Almost every time I see an article or advertisement on 5G, a reference is made to remote surgery. The point that is being made is that 5G has lower latency and remote surgery would be more practical because of it (for example, mainstream media, ad publications, and research papers).

Question: Is this just a marketing angle, or is there a real latency benefit of 5G over an optical fibre (only) infrastructure in the context of remote surgery?

My expectation is that during a remote surgery separated by thousands of miles, the last mile(s) network would be 5G but in between it would still be fibre optic cables. So why not just use optic cables between the surgeon and the robot? And even if it was 5G all the way between these two devices, I understand radio waves and light travel at the same speed. So I imagine whatever low latency tech used for 5G infrastructure could also be implemented on a fibre optic infrastructure to achieve the same benefits on fibre optic.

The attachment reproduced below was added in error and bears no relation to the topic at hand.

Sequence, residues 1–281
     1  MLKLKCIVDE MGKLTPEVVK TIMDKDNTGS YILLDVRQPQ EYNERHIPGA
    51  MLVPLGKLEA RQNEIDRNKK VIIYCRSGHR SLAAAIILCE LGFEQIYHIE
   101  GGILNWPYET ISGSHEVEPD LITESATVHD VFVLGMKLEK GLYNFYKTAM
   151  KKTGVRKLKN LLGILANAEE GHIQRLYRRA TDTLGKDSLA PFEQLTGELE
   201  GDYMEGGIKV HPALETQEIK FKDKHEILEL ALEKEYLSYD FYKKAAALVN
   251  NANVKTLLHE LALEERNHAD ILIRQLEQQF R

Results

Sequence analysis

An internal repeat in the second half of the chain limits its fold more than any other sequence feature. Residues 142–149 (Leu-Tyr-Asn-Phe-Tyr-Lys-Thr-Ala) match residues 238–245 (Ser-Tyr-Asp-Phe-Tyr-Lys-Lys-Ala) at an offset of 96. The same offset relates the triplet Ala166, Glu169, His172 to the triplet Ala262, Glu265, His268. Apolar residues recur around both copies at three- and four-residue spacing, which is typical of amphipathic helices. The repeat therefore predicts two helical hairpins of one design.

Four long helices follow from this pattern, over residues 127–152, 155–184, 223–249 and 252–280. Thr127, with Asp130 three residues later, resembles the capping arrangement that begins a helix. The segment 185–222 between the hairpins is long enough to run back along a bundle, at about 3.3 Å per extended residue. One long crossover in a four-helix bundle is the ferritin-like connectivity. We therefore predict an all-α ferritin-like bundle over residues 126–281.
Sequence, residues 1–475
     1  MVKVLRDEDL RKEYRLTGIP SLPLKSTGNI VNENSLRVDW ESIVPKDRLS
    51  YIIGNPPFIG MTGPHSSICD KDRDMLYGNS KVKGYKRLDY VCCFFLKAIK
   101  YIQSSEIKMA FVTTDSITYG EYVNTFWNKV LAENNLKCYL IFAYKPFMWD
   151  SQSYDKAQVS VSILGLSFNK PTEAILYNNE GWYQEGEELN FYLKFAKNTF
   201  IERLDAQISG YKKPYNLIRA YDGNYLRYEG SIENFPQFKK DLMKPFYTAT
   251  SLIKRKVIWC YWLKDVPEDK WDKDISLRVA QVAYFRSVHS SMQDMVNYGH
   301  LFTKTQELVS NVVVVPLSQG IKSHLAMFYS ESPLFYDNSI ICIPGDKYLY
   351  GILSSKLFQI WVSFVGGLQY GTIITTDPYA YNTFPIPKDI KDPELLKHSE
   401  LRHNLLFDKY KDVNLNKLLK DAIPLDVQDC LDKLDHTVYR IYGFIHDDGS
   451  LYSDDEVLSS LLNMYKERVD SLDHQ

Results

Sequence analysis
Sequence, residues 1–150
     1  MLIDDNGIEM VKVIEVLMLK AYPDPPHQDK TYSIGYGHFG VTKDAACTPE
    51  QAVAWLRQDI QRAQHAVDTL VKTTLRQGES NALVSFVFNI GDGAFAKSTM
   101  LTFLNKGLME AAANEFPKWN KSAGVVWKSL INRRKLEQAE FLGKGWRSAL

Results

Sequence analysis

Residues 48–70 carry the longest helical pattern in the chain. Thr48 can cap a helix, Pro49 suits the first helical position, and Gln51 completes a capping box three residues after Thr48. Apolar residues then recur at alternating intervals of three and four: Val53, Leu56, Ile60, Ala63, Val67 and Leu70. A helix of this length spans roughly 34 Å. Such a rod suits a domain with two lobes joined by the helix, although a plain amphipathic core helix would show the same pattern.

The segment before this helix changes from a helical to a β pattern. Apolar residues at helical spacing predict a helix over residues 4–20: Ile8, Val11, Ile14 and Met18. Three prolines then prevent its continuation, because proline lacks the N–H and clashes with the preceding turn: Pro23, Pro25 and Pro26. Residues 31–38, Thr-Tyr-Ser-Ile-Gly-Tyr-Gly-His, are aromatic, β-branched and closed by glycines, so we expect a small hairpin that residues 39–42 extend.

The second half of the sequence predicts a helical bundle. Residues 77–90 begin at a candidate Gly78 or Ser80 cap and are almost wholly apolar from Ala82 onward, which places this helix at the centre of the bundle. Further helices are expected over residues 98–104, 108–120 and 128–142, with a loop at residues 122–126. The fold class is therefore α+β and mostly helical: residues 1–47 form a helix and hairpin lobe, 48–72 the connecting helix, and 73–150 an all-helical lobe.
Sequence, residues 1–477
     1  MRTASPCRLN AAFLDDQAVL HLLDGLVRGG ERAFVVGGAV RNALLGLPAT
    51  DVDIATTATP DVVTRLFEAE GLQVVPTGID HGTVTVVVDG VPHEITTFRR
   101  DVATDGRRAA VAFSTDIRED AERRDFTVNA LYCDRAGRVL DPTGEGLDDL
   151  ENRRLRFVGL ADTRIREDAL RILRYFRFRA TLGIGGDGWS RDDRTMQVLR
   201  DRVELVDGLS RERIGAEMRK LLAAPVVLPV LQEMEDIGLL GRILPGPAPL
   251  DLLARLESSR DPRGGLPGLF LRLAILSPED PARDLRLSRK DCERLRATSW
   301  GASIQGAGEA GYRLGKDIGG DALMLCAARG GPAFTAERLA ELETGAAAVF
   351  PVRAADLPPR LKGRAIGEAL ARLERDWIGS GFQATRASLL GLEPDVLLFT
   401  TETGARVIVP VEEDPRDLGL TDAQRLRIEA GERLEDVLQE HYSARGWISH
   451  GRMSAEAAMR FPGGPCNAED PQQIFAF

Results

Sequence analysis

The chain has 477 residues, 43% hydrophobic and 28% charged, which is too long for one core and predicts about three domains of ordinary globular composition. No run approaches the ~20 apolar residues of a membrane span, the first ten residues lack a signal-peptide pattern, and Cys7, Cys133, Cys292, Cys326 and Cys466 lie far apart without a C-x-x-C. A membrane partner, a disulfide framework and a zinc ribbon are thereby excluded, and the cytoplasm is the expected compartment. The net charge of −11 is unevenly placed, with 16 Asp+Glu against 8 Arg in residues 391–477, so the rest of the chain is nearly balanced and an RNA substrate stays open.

• $\begingroup$ I hope this is sufficiently on topic. I browsed the Stack Exchange sites for a while, but couldn't find a more relevant site than this one. $\endgroup$ – Superman.Lopez Jan 18 at 3:39
  • $\begingroup$ this might be a good question for the EE section because 5G and also since more people there. However the moderators in that forum can be a bit trigger happy on questions that don't fit the mold. $\endgroup$ – Pete W Jan 18 at 4:45
  • $\begingroup$ Thanks @PeteW, I'll consider moving the question. $\endgroup$ – Superman.Lopez Jan 20 at 5:33
  • $\begingroup$ possibly this is a marketing question, not a technical one. $\endgroup$ – Jasen Jan 20 at 11:11

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